upon his writings—Dick drew liberally and unashamedly upon
the events in his own life, whether joyous, tragic, or mysterious—they only tell one piece of a much larger story. Dick was a
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voracious consumer of ideas and a lover of philosophy. There
was a restless quality to Dick’s mind. He would entertain all
ideas, and reject them all just as easily, seeming to find more satisfaction in the perpetual quest for explanations of the philosophical dilemmas of human life than in the explanations
themselves. He would embrace a theory—about God, about
politics, about science, about anything—turn it on a spit in his
mind until it was thoroughly cooked, then declare it overdone
and toss it aside. Dick was intellectually driven, and his intellectual curiosity is reflected not only in the provocative treatments
of complex philosophical themes in his works but also in the vast
array of references one finds in his works to obscure and arcane
knowledge from both Eastern and Western history. Although
Dick rarely demonstrates his scholarly pursuits with the highbrow sophistication of a modernist text such as T. S. Eliot’s “The
Waste Land,” he does in many works—and especially in his later
novels of the early 1980s—display the playfully encyclopedic
curiosity of postmodern authors like Thomas Pynchon. Dick
once noted that the wide-ranging influences of the contemporary
science fiction writer should include journals that “deal in the
most advanced research of clinical psychology, especially the
work of the European existential analysis school”—as well as
studies of C. G. Jung, Zen Buddhism, and Taoism—and “really
authoritative” historical studies. In addition, the writer should
read “Medieval works, especially dealing with crafts, such as
glass blowing—and science, alchemy, religion, etc. Greek philosophy, Roman literature of every sort. Persian religious texts.
Renaissance studies on the theory of art. German dramatic writings of the Romantic Period” (Shifting Realities 64–65).
This wide-ranging intellectual curiosity had a direct impact
on his writing. One thing that distinguishes Dick’s work from
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much of the other narrative writing appearing month after
month in the pulp magazines of the mid-twentieth century is its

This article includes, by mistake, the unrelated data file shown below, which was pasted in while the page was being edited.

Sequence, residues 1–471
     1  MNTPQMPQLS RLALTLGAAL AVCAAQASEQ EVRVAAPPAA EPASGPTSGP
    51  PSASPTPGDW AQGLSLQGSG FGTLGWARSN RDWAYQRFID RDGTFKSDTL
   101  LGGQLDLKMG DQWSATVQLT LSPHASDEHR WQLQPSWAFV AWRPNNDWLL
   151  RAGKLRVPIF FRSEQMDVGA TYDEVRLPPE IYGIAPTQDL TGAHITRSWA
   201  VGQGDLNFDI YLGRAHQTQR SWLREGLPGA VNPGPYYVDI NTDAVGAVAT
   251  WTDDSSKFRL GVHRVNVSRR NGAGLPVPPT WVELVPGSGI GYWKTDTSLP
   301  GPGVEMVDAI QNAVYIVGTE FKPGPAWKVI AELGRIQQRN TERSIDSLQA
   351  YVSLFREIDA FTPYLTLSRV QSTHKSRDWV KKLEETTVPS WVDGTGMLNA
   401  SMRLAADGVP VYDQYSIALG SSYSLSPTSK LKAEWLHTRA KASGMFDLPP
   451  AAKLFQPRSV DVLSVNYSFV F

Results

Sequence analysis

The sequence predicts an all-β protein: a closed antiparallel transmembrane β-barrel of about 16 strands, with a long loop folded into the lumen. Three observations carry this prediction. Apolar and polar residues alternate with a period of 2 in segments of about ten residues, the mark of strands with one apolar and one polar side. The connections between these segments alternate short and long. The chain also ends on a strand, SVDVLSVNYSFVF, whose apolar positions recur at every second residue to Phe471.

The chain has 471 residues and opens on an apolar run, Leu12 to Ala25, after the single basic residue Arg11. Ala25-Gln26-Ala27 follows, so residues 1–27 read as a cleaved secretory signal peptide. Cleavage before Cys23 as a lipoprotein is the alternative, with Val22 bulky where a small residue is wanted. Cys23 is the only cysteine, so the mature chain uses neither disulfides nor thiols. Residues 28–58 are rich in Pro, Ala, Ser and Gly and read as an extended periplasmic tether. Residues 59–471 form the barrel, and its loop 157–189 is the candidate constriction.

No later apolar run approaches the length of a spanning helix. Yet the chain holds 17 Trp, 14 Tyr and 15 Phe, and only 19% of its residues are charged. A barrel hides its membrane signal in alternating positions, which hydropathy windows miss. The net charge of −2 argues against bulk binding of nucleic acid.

engagement with philosophical and theological ideas. In the
midst of the psionic powers, aliens, space ships, and other paraphernalia of the genre, one finds Dick exploring pre-Socratic philosophy, world religions, and the epistemological theories of
Descartes and Hume. Dick was no ivory tower intellectual, however, and his novels and short stories are as much about life in
the United States in the mid-twentieth century as they are about
arcane philosophical and theological concepts.
In his work Dick responded to the climate of his times. In the
1950s, when Dick first turned his talents to serious writing, one
can find clear reflections of the post–World War II era of cold
war politics, atomic scares, bomb shelters, and McCarthyism. In
the 1960s Dick’s work is heavily influenced by the Berkeley
counterculture scene. Many of Dick’s best works from the 1960s
directly engage the issue of drugs and drug culture, sometimes as
metaphor and symbol, other times as tangible and tragic. One
also finds Dick working out implications of the civil rights movement, the rise of the Black Panther Party, the shadowy activities
of the Central Intelligence Agency (CIA), and the host of other
social issues that the youth counterculture and the Beats gravitated to in their protests and writings. In the early 1970s Dick
was enraged by Watergate, disenchanted with the outcomes of
1960s drug experimentation by the stoner youth culture in California, and disturbed—along with the nation—with the implications of the Vietnam War and its aftermath.
Right up to the end of his life, Dick responded in his writing
and in numerous interviews given during his last few years to the
climate in America during the Carter and early Reagan administrations. To read the work of Philip K. Dick is not only to read
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of the future but also to read a version of the history of U.S.
culture throughout the entire cold war era. And he frames this
history—both future and contemporary—in the conventions of
pulp-era science fiction as well as in the deepest mysteries of
world philosophy.